RIPLEY - Reese Gandee must be popular. As she strolls out on Lady Viking Field at 9 A.M. last Saturday for a photo shoot for this story, a carload of teenagers drove by and screamed “Go Reese! Yea!”
Reese Gandee must be popular. As she strolls out on Lady Viking Field at 9 A.M. last Saturday for a photo shoot for this story, a carload of teenagers drove by and screamed “Go Reese! Yea!”
Gandee laughed it off and threw her arm in the air. While temporarily distracted, she quickly resumed her focus on the task at hand.
Gandee has made quite a mark on Ripley softball. She went 9-4 as a freshman pitcher in 2011 and landed a second team All-State selection.
She actually had a better season this year but notched Special Honorable Mention status. Generally, this is due to several upper classman pitchers having superb years in West Virginia. It’s rare for a freshman to get that type of attention.
“I try not to think about stuff like that. I just want our team to be successful and have fun,” said Gandee.
The junior to be had fun this season. The right-handed flame-thrower was 13-7 with an ERA of 2.15 while fanning 91 batters. Gandee was saddled with a couple of hard luck loses, most notably a 1-0 defeat to then No. 1 Saint Albans. She also notched a Second Team All Mountain State Athletic Conference selection in 2012.
The pitcher showed her moxie during a fierce pitching dual with Parkersburg South’s own senior All Stater Cece Bailey. The 2-1 extra inning sectional loss to the Patriots in which she surrendered only one earned run was a heartbreaker but also an experience that the team can build on.
“We (team) really are close. We are playing together right now and getting some freshman valuable playing time. The chemistry is good.”
The WVSSAC allows prep teams three weeks to scrimmage after school is out.
Coach Ken Swisher is wasting no time in getting his girls on the field. Many players will continue to play for the West Virginia Wicked summer squad through July.
The screw-baller has faced some tough competition of late that she feels is good for all of the girls.
“We have faced a lot of senior players and even college players (West Virginia Wicked). I think the good competition is always a good thing because you really have to focus and learn from it,” said Gandee.
Gandee’s road to the game came early in life. When a babysitter reported to Gandee’s father David that Reese was pounding balls all over the yard and that she loved the game, he jumped on Ebay and bought a bucket of balls and began working with the youngster.
During her second grade year she was asked to pitch and struck out 10 batters in her first game. She had never pitched before.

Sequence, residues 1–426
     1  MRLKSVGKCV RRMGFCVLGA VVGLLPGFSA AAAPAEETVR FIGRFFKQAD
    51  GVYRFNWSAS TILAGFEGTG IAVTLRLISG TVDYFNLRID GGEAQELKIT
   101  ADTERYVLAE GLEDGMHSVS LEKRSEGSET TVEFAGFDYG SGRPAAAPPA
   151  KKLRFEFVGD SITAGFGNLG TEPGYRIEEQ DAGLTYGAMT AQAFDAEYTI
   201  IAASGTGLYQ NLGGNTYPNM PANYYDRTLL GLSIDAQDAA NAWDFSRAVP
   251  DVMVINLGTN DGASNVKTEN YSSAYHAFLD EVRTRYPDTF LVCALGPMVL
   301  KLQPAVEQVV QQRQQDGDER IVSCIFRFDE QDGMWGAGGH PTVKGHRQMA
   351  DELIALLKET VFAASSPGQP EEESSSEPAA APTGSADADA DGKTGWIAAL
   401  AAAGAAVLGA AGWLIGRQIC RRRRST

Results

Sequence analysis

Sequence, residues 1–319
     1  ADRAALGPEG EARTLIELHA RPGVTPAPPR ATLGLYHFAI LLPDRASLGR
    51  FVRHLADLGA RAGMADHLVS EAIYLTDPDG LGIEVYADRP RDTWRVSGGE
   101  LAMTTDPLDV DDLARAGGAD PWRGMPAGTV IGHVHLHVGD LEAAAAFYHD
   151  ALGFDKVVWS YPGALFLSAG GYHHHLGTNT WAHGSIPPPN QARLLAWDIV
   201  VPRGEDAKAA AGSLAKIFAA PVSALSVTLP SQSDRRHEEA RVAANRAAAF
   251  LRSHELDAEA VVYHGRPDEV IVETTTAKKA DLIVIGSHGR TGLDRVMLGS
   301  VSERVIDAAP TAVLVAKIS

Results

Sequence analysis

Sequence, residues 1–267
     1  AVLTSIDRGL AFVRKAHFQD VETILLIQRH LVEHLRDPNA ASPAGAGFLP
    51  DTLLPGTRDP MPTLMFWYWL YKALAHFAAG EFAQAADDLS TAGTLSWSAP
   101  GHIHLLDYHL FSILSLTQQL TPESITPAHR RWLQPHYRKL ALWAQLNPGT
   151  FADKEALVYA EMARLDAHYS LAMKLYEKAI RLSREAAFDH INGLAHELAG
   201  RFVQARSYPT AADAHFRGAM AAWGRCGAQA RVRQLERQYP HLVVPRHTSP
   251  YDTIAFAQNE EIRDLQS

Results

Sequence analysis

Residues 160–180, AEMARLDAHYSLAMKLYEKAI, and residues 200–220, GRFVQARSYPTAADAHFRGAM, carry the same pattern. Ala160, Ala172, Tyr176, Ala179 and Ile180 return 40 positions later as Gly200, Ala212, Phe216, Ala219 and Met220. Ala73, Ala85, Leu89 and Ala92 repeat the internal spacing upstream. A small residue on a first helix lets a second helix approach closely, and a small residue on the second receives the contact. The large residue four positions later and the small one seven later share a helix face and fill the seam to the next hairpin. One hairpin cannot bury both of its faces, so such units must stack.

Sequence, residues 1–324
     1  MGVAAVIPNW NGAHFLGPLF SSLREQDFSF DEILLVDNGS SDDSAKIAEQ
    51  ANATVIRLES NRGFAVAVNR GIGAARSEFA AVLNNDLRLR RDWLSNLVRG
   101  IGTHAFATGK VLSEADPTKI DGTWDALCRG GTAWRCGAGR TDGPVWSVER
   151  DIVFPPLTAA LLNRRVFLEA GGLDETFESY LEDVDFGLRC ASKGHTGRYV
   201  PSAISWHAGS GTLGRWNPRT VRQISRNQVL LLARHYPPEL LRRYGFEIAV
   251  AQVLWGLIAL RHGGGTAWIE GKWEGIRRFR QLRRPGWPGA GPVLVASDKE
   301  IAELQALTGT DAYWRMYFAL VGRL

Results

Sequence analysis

The bloodlines don’t lie when it comes to Gandee’s ability. Cousin Morgan Clendenin was a Viking slugger and was drafted as a free agent by the Baltimore Orioles in 2003. He made it to AAA Bowie in 2007, just shy of the big show.
“Morgan used to catch me for hours. We had a lot of fun,” said Gandee.
Casey Waskey gave Gandee her first pitching lessons. Charleston’s Freddy Doss eventually took over and she traveled to Charleston every Tuesday and Thursday and threw 300 pitches per lesson and learned some of the grips that are in her arsenal today.How did she handle being a leader as a sophomore?
“Makenzie Hesson (Senior All State selection 2012) took me under her wing and we became close friends. I watched her and learned how to handle certain situations. She really helped me a lot.”
The Lady Viking hurler has a serious arsenal of pitches to choose from. Currently she slings a fastball, change-up, two-seam fastball, drop ball, rise ball, curve ball, screw-ball and a change-up / drop / curve combo that has notched several strikeouts in summer ball.
Gandee travels to Beckley bi-weekly to work with fast-pitch guru Jerry Johnson.
When not slinging fastballs, Gandee gives pitching lessons to young softballers and is a member of the Future Farmers of America. She recently took a small animal veterinarian class and learned how to administer shots to animals.
Gandee also likes to ride her ATV and be outside. She spends time outdoors with her brother Ranse, 12.
Her goals are team goals. With section realignment the Lady Vikes will have a less brutal path to the State Tournament next season.
“I just want us to fight together as a team and play smart ball. Obviously, the states (tourney) is something we are striving for as a team.”
Reese Gandee has a plan and it includes the word TEAM.